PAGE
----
Eye health is an important matter that we must attend to at every age. In many instances, it is assumed that, with good habits and care, conditions can be prevented. This may be truer in some situations than others. For example, one of the risk factors for cataracts is sun exposure; so, wearing sunglasses is one way to reduce the risk of getting cataracts. Retinal detachment is a condition for which preventive measures do not exist. The best way to manage the risk of retinal detachment is to know why it may happen and what to do if it does.
Types of Retinal Detachment
Retinal detachment may occur for three specific reasons:
- Rhegmatogenous retinal detachment occurs when the retina has torn slightly away from the back of the eye. This is often an age-related problem. A gel-like fluid, the vitreous, exists in the center of the eye. It creates a buffer of pressure that holds ocular structures in place. With age, the vitreous becomes watery. This change can result in tugging that pulls the retina away from the posterior lining of the eye. When a retinal tear occurs, vitreous fluid can leak behind this piece of tissue, causing it to completely separate from its base.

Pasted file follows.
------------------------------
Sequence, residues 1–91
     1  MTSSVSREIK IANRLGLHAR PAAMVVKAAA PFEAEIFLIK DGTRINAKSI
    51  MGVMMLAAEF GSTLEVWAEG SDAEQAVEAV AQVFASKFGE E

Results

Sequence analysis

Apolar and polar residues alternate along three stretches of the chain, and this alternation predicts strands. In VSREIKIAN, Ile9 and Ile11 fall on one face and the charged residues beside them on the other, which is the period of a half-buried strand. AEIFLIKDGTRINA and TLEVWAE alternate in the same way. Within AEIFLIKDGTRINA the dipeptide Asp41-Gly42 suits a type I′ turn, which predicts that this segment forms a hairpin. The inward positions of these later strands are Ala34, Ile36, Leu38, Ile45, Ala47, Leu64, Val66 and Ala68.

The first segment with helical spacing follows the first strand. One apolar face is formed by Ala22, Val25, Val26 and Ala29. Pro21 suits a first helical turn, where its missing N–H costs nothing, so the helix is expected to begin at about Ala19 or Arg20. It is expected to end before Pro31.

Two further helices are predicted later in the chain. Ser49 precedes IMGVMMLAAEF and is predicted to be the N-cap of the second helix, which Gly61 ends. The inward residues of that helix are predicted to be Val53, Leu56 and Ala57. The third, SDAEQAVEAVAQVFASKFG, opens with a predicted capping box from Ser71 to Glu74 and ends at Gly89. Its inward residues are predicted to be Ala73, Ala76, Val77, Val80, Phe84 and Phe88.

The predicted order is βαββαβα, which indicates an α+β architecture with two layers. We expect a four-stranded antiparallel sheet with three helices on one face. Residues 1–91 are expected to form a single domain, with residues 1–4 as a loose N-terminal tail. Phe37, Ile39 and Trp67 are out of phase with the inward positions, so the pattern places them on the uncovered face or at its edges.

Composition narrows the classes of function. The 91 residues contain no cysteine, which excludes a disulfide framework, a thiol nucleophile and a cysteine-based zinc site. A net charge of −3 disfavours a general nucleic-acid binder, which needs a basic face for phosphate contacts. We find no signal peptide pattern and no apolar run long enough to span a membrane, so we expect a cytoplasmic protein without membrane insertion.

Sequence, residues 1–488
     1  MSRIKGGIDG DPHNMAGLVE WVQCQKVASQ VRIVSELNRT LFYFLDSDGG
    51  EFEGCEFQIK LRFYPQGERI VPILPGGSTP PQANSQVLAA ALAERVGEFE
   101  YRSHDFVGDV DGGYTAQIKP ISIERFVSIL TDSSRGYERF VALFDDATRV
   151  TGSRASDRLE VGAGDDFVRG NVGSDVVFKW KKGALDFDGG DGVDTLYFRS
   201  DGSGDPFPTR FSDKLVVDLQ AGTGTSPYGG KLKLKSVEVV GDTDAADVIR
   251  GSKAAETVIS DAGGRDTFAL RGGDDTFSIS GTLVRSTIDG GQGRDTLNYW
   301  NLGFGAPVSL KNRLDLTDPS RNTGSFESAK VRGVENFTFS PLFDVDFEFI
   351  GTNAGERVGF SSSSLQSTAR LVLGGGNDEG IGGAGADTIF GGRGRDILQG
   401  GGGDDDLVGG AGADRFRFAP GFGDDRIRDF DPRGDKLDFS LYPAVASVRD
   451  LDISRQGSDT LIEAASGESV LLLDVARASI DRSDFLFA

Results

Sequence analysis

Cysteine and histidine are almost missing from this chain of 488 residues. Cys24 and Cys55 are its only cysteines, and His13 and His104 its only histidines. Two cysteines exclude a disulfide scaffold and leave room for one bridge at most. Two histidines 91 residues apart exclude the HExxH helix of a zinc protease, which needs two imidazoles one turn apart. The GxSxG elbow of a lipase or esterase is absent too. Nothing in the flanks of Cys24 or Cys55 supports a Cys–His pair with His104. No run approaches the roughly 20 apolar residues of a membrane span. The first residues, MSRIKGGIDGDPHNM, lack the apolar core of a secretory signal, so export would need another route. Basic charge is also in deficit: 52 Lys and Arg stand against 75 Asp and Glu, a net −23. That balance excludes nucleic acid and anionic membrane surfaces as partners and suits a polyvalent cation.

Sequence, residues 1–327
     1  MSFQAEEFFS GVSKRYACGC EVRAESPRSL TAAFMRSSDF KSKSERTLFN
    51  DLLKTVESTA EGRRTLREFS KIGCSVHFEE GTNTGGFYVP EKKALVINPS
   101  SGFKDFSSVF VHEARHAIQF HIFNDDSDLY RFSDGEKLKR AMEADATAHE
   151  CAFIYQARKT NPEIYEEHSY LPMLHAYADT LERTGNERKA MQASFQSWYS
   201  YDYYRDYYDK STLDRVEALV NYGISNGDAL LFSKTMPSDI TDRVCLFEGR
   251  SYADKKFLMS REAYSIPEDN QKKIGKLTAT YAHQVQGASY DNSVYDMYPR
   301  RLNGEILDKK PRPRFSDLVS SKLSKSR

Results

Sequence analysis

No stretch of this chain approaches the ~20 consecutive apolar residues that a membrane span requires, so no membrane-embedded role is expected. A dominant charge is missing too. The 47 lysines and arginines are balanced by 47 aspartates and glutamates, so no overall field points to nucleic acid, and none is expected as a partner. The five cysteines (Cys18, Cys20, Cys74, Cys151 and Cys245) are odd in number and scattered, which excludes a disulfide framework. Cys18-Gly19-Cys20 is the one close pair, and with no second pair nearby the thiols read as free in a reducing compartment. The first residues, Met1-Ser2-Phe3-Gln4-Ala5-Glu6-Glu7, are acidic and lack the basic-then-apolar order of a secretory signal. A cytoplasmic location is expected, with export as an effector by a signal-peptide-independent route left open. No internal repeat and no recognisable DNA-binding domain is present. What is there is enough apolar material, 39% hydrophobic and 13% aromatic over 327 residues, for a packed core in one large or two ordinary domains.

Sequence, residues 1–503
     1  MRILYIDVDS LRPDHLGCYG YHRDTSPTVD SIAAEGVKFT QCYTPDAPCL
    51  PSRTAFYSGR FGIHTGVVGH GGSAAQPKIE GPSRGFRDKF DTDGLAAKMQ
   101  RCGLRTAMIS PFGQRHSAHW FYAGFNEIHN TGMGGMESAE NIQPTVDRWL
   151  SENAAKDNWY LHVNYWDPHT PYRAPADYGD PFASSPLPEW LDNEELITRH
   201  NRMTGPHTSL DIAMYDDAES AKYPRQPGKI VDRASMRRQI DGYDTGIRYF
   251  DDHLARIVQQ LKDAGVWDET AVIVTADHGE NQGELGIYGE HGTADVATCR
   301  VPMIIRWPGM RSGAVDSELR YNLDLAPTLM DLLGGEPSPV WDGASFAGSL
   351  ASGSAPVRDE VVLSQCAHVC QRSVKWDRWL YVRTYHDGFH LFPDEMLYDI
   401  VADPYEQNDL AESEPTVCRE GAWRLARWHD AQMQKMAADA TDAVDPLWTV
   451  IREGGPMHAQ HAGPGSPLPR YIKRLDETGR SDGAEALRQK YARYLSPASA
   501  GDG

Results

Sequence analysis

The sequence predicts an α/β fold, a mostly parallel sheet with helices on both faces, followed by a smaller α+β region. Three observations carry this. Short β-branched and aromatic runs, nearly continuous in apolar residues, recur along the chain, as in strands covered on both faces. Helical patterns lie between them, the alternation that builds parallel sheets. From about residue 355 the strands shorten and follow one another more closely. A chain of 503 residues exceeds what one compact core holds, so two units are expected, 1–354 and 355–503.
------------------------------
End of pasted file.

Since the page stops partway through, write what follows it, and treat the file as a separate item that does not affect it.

- Tractional retinal detachment occurs when scar tissue has formed on the retina. This condition is usually related to diabetes and the damage this medical problem causes to the blood vessels in the eye. Fragile blood vessels can leak fluid onto and around the retina, forcing separation from the back of the eye.
- Exudative retinal detachment occurs without a tear or scarring. It is far less common than the other forms of retinal detachment. It involves the unexplained accumulation of fluid behind the retina.
Signs of Retinal Detachment
The risks of retinal detachment include having a family history of this condition, having had an eye injury or previous eye surgery, and simply getting older. Because risk factors are difficult to control, eye doctors focus on recognizing signs of a detaching retina. These include:
- Sudden eye floaters, spots across the field of vision.
- Flashes of light.
- Darkened vision, like closing curtains.
- Blurred vision.
If signs of retinal detachment occur, it is necessary to go to the nearest emergency room for prompt medical care. Vitreo Retinal Surgery, PA serves areas including Minneapolis, Plymouth, St. Paul, and more. To schedule a visit at an office near you, call (800) VRS-2500.